All things I ponder while waiting for another episode of Survivor and The Office.

November 07, 2007

Acts 29 Quarterly And All Things Tuesday

Yesterday was a great day in many respects. A beautiful day to drive from Ozark to St. Louis to Jefferson City back to Ozark. I love drive times alone with God.

The Acts29 quarterly was great as usual. Preaching was the topic. Highlights were:

  • Jonathan McIntosh challenging us to examine our weaknesses in our preaching. He talked about three streams and how it is vital for preachers to be good in all three streams. He shared rightly that most folks default to one stream but that we needed to listen to guys from all three streams. The three he hit on were:
    • Normative – Truth focused (John MacArthur, John Piper, et all) – What to I want people to know or believe?
    • Existential – Emotion Focused (Martin Lloyd Jones – CJ Mahaney) – What do I want people to feel?
    • Situational – Action Focused (Andy Stanley – Rick Warren) – What do I want people to do?
  • Catching up and sitting with Steve Easterwood from FBC Lake St. Louis.
  • Having a chance to talk with Bob Werner about planting Eternity. Bob's first pastorate was in Jefferson City. He had many good words.
  • Listening to Darrin Patrick, Ron Cathcart, John Ryan, and a great guy who I can't for the life of me remember his name (although he won a preaching award from Covenant Theological Seminary) answer questions about preaching ranging from:
    • How they prepare for their sermons?
    • How much time do they prepare?
    • What is their best advice for guys who are trying to find their voice?
    • Their advice on building preaching teams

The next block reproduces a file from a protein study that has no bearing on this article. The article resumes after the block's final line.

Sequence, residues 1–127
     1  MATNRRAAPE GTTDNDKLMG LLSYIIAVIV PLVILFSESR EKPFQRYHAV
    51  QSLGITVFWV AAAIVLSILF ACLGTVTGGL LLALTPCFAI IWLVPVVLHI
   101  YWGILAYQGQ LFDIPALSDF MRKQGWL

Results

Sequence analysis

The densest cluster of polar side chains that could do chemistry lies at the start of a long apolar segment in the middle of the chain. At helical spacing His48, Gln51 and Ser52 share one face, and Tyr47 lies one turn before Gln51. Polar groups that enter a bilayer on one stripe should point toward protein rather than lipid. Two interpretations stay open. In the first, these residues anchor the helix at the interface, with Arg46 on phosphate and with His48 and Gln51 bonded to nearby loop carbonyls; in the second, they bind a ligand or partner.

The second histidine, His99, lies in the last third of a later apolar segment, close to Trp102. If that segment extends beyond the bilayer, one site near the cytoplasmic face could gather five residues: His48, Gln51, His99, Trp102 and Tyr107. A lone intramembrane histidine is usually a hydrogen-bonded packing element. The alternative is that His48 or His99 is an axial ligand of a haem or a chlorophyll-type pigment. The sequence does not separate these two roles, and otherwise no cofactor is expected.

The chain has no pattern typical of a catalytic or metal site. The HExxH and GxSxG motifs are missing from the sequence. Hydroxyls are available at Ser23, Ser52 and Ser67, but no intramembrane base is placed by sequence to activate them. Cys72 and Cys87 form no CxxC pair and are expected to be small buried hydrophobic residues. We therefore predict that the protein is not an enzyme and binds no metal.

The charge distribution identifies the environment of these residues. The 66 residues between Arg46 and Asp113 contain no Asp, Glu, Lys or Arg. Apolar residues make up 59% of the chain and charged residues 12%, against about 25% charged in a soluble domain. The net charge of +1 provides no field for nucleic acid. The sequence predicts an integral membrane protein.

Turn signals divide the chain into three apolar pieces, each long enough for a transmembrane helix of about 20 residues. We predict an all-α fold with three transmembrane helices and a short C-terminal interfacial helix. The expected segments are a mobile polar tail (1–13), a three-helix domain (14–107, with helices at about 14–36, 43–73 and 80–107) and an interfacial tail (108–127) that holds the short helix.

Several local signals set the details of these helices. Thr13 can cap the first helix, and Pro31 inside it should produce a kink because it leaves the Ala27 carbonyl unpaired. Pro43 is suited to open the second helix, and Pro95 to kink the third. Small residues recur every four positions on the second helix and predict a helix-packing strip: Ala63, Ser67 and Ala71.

• Their thoughts on use of certain language in sermons
    • Their thoughts on being a communicator for God on Sunday morning
  • Getting to say hi once again to Maxedon, Sam, Brian, Trey, and meeting Mike Hubbard and Marc Sikma

It was then time to head to Jefferson City and have a meeting with some folks about Eternity. For those who are just catching up, I am in the process of planting a church in the next 12 – 18 months named Eternity and Jefferson City is where that church will be. Last night's meeting was great. From everyone I've talked to, the area is in desperate need of a Gospel centered, culturally sensible church.

With every discussion I have about Eternity, I grow more excited and nauseous at the same time. I am growing increasingly aware how huge of a task it will be. I am also realizing with each day how great God is, how ignorant and sinful I am, and how I am in dire straits if God isn't driving this train.

But as each day goes by, Eternity becomes more and more a reality and the path to reality a little more clear.

It was a good day. Let's see what today holds!

November 05, 2007

Does Jesus Make You Happy?

It's a fair question. I would argue it's the most important question in life. Recently, a well known blogger and author posted a list of things that made him happy:

  • The newly released album from the David Crowder Band.
  • When my wife makes me go play golf with my son--who now owns his first set of clubs.
  • Winning another fantasy football game.
  • The smell of the church atrium now that the coffee shop is open.
  • Finding out that I'm going to a conference after all
  • Yard moderation.
  • Our Sunday evening service
  • Learning that a friend is finally blogging
  • Watching a football athlete speak.
  • Discovering that iTunes has some competition
  • Our new king-size bed.
  • TV Shows
  • When someone delivers freshly brewed decaf coffee to my office mid-afternoon.
  • Spending time downtown
  • Watching my daughter play soccer.
  • Cool parts of my job
  • Planning my next trip to the beach.

What you'll find striking about this list is that Jesus didn't make the list. For that matter, God didn't make the list. Church made it. But God didn't. There's a big difference. I tried to point that out to the author. The author chose not to publish my comment on his blog. It appears asking why Jesus didn't make him happy was not an acceptable comment for others to see.

But now the question looms for all of us. If you published your list on the Internet, would Jesus make it? You see the list above lists sports, coffee, stuff, leisure, etc but is that truly where our happiness and joy as Christians is supposed to originate. How exactly is the list above any different than a garden-variety pagan's list?